Sunday, November 21, 2021

Sex Toys In The Subway And Other Lowdown Delights

Immediate tease disclaimer: I blog about copyright-related issues. This is that.

Sex Toys for boys but not for girls?

How fair is that, in an advertising context, in the underground? Well, there was a law suit by against the MTA. Apparently, the MTA's rules have or had no issue with advertisements targeting erectile dysfunctional males, but they drew the line at displaying inserts for ladies.

Among other things, Dame claimed:

“The MTA was disproportionately applying their anti sexually-oriented business clause to women’s pleasure advertisements, which is unconstitutional. They allowed erectile dysfunction advertisements to run while denying us…”

Legal blogger Jeff Greenbaum for the law firm Frankfurt Kurnit Klein and Selz PC  offers legal analysis. It looks like the court may still be out (to coin a phrase) on whether MTA patrons will be treated to mind boggling illustrations of fun stuff for ladies anytime soon.  There appear to be illustrations on the fkks post.

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Original link: 


The Illogic of tracking-based advertising.

Upon reading Seth Zawila's legal blog for the UK-based law firm Robins Kaplan LLP about how the UK's supreme court blocks a multi-billion class action suit, this writer's mind wandered to a personal peeve.

Lexology link: 
Original Link:  

"The claimants alleged that Google misused the data of millions of iPhone users under the DPA by tracking user internet usage even when users were assured in notices that they would be opted out of such tracking by default."

Apparently, to pass the smell test of the supreme court in the UK (and no doubt in other supereme courts) one has to show actual, provable financial harm, not merely annoyance or exposure to the risks of identity theft.

It seems to me, the wrong people were suing.

How often have you purchased a product online (happily, voluntarily, without clicking on anyone’s ad), only to be bombarded later with adverts for the exact same product?  Where is the return on investment for whoever makes Origins Bar Pulls in paying AdNonsense to show ads to a client who has no further interest in buying more of what they already bought? 

Once one has made a purchase, paid reminders are a waste of the producer’s budget. They can lawfully and appropriately email the customer directly.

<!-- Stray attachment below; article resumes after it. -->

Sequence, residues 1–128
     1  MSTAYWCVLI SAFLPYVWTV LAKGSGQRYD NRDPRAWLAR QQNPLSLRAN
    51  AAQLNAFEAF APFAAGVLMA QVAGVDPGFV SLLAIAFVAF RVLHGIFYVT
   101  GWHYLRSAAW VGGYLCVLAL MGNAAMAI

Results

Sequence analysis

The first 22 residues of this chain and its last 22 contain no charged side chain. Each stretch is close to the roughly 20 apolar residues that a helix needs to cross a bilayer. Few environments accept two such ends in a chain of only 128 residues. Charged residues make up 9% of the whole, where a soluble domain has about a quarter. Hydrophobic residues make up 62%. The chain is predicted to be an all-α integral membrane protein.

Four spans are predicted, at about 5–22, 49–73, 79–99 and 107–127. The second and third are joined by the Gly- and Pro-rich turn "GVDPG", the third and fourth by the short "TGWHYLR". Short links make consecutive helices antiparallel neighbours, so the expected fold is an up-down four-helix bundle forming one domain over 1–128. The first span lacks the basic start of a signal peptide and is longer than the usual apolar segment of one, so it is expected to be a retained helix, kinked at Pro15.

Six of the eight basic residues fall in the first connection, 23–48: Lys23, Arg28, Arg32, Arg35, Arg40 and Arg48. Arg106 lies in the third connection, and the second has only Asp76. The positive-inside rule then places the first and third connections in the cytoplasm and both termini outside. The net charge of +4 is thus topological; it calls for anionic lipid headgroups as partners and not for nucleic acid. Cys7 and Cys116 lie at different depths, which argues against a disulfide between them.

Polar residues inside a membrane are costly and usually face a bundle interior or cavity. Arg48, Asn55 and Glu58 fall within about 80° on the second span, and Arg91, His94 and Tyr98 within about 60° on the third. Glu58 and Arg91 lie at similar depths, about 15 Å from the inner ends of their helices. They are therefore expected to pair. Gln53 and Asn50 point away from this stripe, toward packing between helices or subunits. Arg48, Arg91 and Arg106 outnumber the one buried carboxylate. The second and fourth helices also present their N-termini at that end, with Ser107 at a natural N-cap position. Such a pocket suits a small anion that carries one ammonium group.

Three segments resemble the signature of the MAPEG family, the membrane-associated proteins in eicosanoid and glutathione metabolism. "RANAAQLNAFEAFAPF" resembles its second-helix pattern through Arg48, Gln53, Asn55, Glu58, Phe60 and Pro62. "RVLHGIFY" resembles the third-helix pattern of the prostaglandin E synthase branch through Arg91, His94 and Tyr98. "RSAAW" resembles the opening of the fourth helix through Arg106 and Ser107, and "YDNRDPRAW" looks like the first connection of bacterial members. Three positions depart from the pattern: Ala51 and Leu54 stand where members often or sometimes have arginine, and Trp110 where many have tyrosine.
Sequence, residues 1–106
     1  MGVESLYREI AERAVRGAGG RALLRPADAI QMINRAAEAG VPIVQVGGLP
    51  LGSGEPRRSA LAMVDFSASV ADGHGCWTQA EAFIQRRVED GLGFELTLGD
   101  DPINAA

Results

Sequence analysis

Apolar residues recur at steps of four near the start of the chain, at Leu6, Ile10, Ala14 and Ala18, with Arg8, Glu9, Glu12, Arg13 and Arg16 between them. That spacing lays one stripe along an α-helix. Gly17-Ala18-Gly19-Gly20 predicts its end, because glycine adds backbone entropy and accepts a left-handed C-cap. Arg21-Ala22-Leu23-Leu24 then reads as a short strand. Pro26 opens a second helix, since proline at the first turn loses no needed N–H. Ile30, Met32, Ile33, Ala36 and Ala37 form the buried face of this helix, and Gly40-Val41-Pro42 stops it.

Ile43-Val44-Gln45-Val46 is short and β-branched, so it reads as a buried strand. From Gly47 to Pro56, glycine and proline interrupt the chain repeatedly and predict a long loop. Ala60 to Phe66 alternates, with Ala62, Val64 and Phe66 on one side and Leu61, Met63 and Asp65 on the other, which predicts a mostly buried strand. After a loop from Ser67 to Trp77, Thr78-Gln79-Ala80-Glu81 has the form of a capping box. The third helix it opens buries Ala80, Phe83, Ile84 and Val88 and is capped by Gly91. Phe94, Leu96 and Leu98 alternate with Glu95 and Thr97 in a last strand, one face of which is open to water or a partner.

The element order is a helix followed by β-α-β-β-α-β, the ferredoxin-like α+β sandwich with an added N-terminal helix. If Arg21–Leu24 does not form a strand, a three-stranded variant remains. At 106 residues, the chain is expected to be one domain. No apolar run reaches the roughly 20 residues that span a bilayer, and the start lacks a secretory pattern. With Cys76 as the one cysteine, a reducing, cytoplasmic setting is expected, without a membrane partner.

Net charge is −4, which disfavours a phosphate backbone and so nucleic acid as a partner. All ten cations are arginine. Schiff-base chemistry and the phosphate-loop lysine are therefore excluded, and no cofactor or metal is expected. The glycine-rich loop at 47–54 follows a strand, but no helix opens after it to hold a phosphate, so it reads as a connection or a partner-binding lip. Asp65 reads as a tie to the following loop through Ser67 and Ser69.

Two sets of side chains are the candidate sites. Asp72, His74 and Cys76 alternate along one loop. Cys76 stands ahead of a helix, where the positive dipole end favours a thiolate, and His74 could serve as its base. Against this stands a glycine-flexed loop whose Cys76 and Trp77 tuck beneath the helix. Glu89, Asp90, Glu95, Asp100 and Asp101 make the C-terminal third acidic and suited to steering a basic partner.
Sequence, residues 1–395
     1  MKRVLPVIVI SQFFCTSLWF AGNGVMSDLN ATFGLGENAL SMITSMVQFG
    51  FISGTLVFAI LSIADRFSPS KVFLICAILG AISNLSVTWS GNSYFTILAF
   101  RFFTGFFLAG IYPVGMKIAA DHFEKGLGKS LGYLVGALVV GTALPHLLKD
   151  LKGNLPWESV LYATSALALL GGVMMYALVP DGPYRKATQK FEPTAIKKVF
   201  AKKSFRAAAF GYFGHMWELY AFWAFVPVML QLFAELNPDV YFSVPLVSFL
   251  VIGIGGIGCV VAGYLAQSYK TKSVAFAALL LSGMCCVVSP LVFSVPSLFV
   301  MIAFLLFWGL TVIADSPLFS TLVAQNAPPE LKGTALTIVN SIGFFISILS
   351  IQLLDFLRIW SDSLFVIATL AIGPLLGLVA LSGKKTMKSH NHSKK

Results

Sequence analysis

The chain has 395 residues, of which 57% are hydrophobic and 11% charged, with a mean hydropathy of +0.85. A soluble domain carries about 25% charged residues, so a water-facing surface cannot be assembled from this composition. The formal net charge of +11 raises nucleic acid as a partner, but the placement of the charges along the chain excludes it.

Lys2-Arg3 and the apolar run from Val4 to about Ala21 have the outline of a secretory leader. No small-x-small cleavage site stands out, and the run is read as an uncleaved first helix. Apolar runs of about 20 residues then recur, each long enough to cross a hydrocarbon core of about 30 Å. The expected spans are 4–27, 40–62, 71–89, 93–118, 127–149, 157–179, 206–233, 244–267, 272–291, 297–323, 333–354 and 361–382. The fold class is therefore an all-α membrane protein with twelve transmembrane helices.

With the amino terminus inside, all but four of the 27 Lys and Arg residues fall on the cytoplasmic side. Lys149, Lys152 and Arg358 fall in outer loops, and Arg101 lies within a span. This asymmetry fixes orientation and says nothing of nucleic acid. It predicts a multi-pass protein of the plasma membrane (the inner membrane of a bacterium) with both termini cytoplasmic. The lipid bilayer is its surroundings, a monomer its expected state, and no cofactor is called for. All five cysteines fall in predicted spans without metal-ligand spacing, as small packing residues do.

Why not further personalize the obvious result of purchaser-stalking by posting “Thank you, Rowena Cherry, for buying 30 of these exact bar pulls. We hope you don’t return them! (As you did the Glide-Rites).”

It would have made more sense if Celeste had stalked me with ads in the footer of an online newsletter.

I wonder whether authors who pay Facebook and their like for pay per view targeted ads are wasting their marketing budget in similar fashion? Perhaps one should pay for click-throughs, and not for "impressions". 

Bar pulls, by the way are not sex toys. In no way do they resemble a Prince Albert piercing.... but one simply had to get that (link) in.  One will do it again. 

Does mentioning a couple of products make this writer an influencer?  Highly doubtful! For a start, one is not being paid, and one receives no perquisites.

Bad??? Influencers:

An international ensemble cast at Squire Patton Boggs has developed an 8-page .pdf about the influence of influencers, and on what regulators are cracking down. Or should that be "down on what regulators are cracking"?  That sounds too Yoda to be natural.

The lawyerly writers on influence peddling of the marketing kind are Marisol C. Clark, Daniel Carlton, Alan L. Fricl, Rosa Barcelo, Kyle R. Dull, Natasha Marie (none of whom to my knowledge have anything to do with anything seamy-/sex toy-/or subway-related other than a familiarity with what is in the regulators crosshairs). For businesses they dryly and most professionally recommend a comprehensive review of online advertising practices(One agrees.)

Problems with regulators mostly result from misleading advertisements or claims, or from misleading by omission.

Writing as a questionable logomanic, this writer would say that almost ALL advertisements by their very nature meet the definition quoted by Squire Patton Boggs lawyers of causing the average consumer to take a transactional decision that they would not otherwise have taken.

Weaselly words and claims abound on television.  So, too, does execrable grammar. More of that another time.  A great deal of good would be done for literacy and education if advertisements were required to be copy-edited by a grammarian. Moreover, for the sake of critical thinking, rather than the government suing advertisers, there ought to be community service spots parsing some of the adverts. It would be far more amusing.

For instance, ranting a tad here, if a new Medicare Part C program offered crowns, caps, implants, bridges, deep root scaling and/or planing, they would surely say so.

Thus when a very attractive nonogenarian male croons at you about fillings, extractions and dentures, and so much more, you should realize that you are getting Amish level dental coverage free with your seductive-sounding plan.

On the other hand, some of these FRRRREEEEE  programs being advertised with benefits varying by zip code appear to be very thinly veiled income redistribution program. Color me critical.

Critical thinking is a valuable defense against the dark arts of advertising.

By the way, SFWA and AG are probably still offering LIG Insurance consultations to SFWA members.

Parting word:

Delightful word of the day: logorrhea

If you know someone who likes both words and poop jokes, pass it on.

All the best,

Rowena Cherry SPACE SNARK™ 

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